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F - 83 : Who invented Belly Dancing?

Given that only four people signed up for the Belly Dancing Class, I thought propping up the activity may be a good idea. Now that Ballroom Dancing is seriously considered as a new Olympic discipline, will Belly Dancing get there too? The views are radically split though. In some countries the activity is illegal and dancers end up in prison. Belly Dancing's history is not well understood either. How could something so sensual develop in a conservative Sunni society? Or is this one of the many stories of human hypocrisies where we say one thing but actually do the other?

The Dance of the Almeh, by French Painter Jean Leon Gerome, 1863


The Western World learned about Belly Dancing in the 19th century. The dance fascinated many European writers and painters – probably not for its athletic performance. But like the stories of harems, Belly Dancing fascinated Victorian men and gave the Orient its exotic reputation. It was the time before steamships, phones or photos. Everybody talked about it but nobody really knew what it was. Except for the few travelers like Lane and Flaubert which described dancers and the dance they saw on their trips to the Middle East. At some point it was suggested that Belly Dancing had ancient Egyptian and Roman roots. How they could have survived the puritanism of early Christianity or Islam is unbeknown to me.


Portrait of an Egytian Dancer, also by Gerome, 1873


What we know with certainty is that Belly Dancing was widely practiced in Egypt and the Harems of the Ottoman Sultans in the 18th century. Egyptian people, women and men, danced it fully clothed at social gatherings and celebrations. Then there were the professional performers like the Awalim – musicians and poets. Assume they played in coffee houses which popped up all over Cairo in the 16th and 17th century. By 1700, Cairo had 3’000 coffee places where 35’000 boxes of coffee from Yemen were consumed.

Coffee House in Cairo in the 18th Century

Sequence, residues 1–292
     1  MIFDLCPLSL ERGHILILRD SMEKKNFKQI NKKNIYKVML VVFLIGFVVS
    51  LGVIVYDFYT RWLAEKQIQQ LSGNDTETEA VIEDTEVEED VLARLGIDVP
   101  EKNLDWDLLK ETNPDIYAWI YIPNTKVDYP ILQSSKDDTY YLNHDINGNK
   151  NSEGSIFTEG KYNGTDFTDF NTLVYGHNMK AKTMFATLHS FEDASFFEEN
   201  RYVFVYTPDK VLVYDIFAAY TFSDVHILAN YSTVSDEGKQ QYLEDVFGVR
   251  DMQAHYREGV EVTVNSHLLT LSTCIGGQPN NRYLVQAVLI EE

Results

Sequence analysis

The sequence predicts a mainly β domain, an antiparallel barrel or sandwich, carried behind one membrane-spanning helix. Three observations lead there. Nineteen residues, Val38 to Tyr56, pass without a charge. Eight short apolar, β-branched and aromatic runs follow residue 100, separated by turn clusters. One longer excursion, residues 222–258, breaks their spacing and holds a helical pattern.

Some coffee houses were open in the morning where you could get your first cup after morning prayers. Others opened in the evening and entertained their guests with music. I guess the Awalim not only played music but also had female dancers. Belly Dancing must have become an erotic show. For a young Egyptian boy, going to the coffee house was part of his rite of passage to become a man. That Egypt's King Muhamed Ali banned Belly Dancing in 1834 for immorality would confirm this view. There is a funny anecdote I should mention - in diplomatic circles Muhamed Ali was criticised for spending too much time in his Harem and neglecting his government. Despite his ban, Belly Dancing survived and even managed to become an officially recognised job. Wonder how this happened?


King Muhamed Ali unsucessfully tried to ban Belly Dancing


How Belly Dancing became part of the Ottoman Harem culture is another mystery that I could not solve. The sanitized version is that the women in the harem danced to entertain themselves and pass time. But that could have been achieved with less effort than learning how to Belly Dance. If you are one of several hundred women in the harem though and the only way for a better life is to be noticed and associated with the Sultan, Belly Dancing may be worth it. We should remember that the women in the Ottoman Harem were slaves with zero personal freedom. Everything required the Sultan’s or his wife’s agreement.

"Beauty Pagan" in a Harem to get the Sultan's attention - Western Painting (of course)


Belly Dancing is very showy in style and dressing but requires a lot of training and discipline. Dancers use their core muscles to move and the majority of movements come from the hip and the pelvic region. Shoulders and torso movements follow, so does the leg work. Having no experience in belly dancing, I leave the technical details to the dance teacher we hired. She will be able to explain better than I ever could.


For conservative Muslims, Belly Dancing costumes are far too revealing. They consist usually of a fitted bra, a large belt that sits on the lower hips and a flowing, translucent skirt or pants. Traditional Islam has not much sympathy for this type of dancing – there is too much nudity. In Iran and Afghanistan Belly Dancing is not allowed. Existing cabarets were closed, dancers raped, prosecuted and imprisoned. It is not a nice story.

Banat Almeh, Student Troop of the Awalim Dance Company, Atlanta GA, 2013

In the US however, Belly Dancing developed. Emigrants from the Middle East introduced it in the late 1960s and there is now a lively culture of Belly Dancing throughout the country. The video below is from a dance performance from Georgia. Seems learning how to Belly Dance is quite fun and the girls have a good time. Since the skill is difficult to master, they also look proud when performing.



A Belly Dancer from Morocco at a recent Wedding in Cairo. Despite criticism from the Muslim Brothers, Belly Dancing is now a respected Tradition in Egypt


Today, Ballroom Dancing is officially recognized as a sport by the International Olympic Committee. Such recognition usually opens the door for participation in the next Olympic Games. Maybe Belly Dancing is next? At this point, team Egypt or US is the favourite.

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